“We believe that each of us is ‘wonderfully made’ in the image of God,” he said at the Feb. 6 event, and we “therefore, believe in the inherent dignity of every human being – dignity that no earthly power can take away.”
“And central to that dignity is freedom of religion – the right of every person to practice their faith how they choose, to change their faith if they choose, or to practice no faith at all, and to do this free from persecution and fear.”
An annual event since 1953, the National Prayer Breakfast is held in early February each year in Washington, D.C. It attracts thousands of guests and generally includes both a keynote address and comments from the U.S. president.
In his speech, President Obama noted that he is “looking forward” to his March meeting with Pope Francis, “whose message about caring for the ‘least of these’ is one that I hope all of us heed.”
He said that the Pope, like the Apostle Matthew, “has answered the call of Jesus, who said 'follow me,' and he inspires us with his words and deeds, his humility, his mercy and his missionary impulse to serve the cause of social justice.”
After thanking God for the blessings and opportunities of his life, including guidance in his decision “to embrace Jesus Christ as my Lord and Savior,” Obama turned his focus to the importance of religious liberty, both at home and abroad.
Religious freedom in the U.S. has become a heated subject in recent months, particularly regarding the federal contraction mandate, which requires employers to offer health insurance plans covering birth control and related products, or to authorize an outside provider to give the coverage.
More than 300 plaintiffs – ranging from the owners of Hobby Lobby to the Little Sisters of the Poor – have filed lawsuits against the mandate, arguing that it is a violation of religious freedom.
In the United States, Obama said in his address, “we affirm the freedoms endowed by our Creator, among them freedom of religion.”
This freedom both “safeguards religion” and “strengthens America” by allowing for faith-based work such as teaching, alleviating poverty, helping immigrants and fighting human trafficking.
However, the president continued, “even as our faith sustains us, it’s also clear that around the world freedom of religion is under threat.”
He lamented instances around the world where we “see governments engaging in discrimination and violence against the faithful” or where religion is “twisted in an attempt to justify hatred and persecution against other people just because of who they are, or how they pray or who they love.”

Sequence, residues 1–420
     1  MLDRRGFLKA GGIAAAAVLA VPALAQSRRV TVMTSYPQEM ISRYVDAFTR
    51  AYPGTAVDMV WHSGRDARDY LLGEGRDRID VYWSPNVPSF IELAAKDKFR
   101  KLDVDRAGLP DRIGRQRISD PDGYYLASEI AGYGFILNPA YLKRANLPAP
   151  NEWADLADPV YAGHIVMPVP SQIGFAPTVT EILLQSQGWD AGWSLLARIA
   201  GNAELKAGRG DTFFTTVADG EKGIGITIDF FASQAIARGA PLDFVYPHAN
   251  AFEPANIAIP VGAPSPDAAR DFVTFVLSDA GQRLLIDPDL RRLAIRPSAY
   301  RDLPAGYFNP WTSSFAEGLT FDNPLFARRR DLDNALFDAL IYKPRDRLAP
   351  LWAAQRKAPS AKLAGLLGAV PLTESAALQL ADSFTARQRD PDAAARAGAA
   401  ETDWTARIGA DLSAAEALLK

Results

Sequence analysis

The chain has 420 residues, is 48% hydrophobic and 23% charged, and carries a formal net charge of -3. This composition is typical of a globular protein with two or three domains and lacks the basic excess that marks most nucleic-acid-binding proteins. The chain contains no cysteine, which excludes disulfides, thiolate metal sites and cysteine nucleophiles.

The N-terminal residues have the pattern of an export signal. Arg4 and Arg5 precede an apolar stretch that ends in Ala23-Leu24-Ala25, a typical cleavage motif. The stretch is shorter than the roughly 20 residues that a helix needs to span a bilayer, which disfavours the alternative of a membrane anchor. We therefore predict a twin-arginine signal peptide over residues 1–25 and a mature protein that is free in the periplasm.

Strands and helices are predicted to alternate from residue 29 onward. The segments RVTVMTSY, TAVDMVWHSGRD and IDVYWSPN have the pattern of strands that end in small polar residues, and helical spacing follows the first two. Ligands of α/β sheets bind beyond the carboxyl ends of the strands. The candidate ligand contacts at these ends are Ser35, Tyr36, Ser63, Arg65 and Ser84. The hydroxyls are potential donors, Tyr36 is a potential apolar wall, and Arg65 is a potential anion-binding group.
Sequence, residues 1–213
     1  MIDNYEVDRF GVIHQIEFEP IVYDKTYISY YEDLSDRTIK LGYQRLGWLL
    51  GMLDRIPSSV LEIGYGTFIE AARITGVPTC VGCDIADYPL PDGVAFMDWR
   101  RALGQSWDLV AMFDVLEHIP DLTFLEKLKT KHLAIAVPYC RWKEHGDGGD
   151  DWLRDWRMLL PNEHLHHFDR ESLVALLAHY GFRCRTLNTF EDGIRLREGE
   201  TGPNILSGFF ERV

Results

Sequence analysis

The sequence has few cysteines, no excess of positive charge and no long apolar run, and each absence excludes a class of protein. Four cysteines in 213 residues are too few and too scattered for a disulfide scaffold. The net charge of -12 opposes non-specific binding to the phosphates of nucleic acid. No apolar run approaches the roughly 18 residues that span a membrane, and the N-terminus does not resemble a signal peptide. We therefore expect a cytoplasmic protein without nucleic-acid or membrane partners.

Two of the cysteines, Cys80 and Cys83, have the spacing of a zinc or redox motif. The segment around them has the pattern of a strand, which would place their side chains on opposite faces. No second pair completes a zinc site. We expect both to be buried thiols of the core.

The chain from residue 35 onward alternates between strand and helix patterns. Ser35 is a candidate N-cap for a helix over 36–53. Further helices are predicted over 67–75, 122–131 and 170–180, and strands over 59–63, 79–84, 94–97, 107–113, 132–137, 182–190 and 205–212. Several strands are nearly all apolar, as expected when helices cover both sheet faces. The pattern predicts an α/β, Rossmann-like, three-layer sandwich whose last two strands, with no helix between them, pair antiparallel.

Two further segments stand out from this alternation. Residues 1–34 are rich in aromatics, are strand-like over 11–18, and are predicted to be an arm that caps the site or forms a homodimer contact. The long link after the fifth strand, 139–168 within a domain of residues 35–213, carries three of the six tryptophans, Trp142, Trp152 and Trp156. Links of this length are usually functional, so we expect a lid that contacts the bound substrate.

He also addressed violent extremism enacted in the name of religion, saying that it is an effect of “ignorant nihilism” that ignores the tenants of faith, “for the killing of the innocent is never fulfilling God’s will; in fact, it’s the ultimate betrayal of God’s will.”
Instead, faith “teaches us that in the face of suffering, we can’t stand idly by and that we must be that Good Samaritan,” Obama said, emphasizing that “freedom of religion matters to our national security” and must be protected.
“I’ve made the case that no society can truly succeed unless it guarantees the rights of all its peoples, including religious minorities,” he said, calling on countries such as Pakistan, Iran, Egypt and Syria to work toward being “a place for all people.”
The United States sometimes works on matters of core importance with other governments “that don’t always meet our highest standards,” Obama acknowledged, but the U.S. also works to promote religious freedom as a key foreign policy objective in places such as China, Burma, Nigeria, Sudan, and South Sudan.
He also discussed the continuing talks between Israel and Palestine, saying that while the United States supports them “as they engage in direct talks, we’ve made clear that lasting peace will require freedom of worship and access to holy sites for all faiths.”
In addition, the president offered prayers for the release of prisoners of conscience, particularly U.S. citizens Kenneth Bae, a Christian missionary who has been held in North Korea for 15 months, and Saeed Abedini, a Christian pastor who has been imprisoned in Iran for more than 18 months.
“We may not know their names, but all around the world there are people who are waking up in cold cells, facing another day of confinement, another day of unspeakable treatment, simply because they are affirming God,” Obama said.
“Despite all they’ve endured, despite all the awful punishments if caught, they will wait for that moment when the guards aren’t looking, and when they can close their eyes and bring their hands together and pray,” he added, praising their dedication and faith.
Reaffirming his commitment to religious liberty against threats including blasphemy legislation and other oppressive laws, Obama promised that the United States “will keep standing for religious freedom around the world.”
Speaking at an annual prayer breakfast in the nation’s capital, U.S. President Barack Obama stressed the need for religious freedom in order to respect human dignity and foster global stability.
Religious freedom, National Prayer Breakfast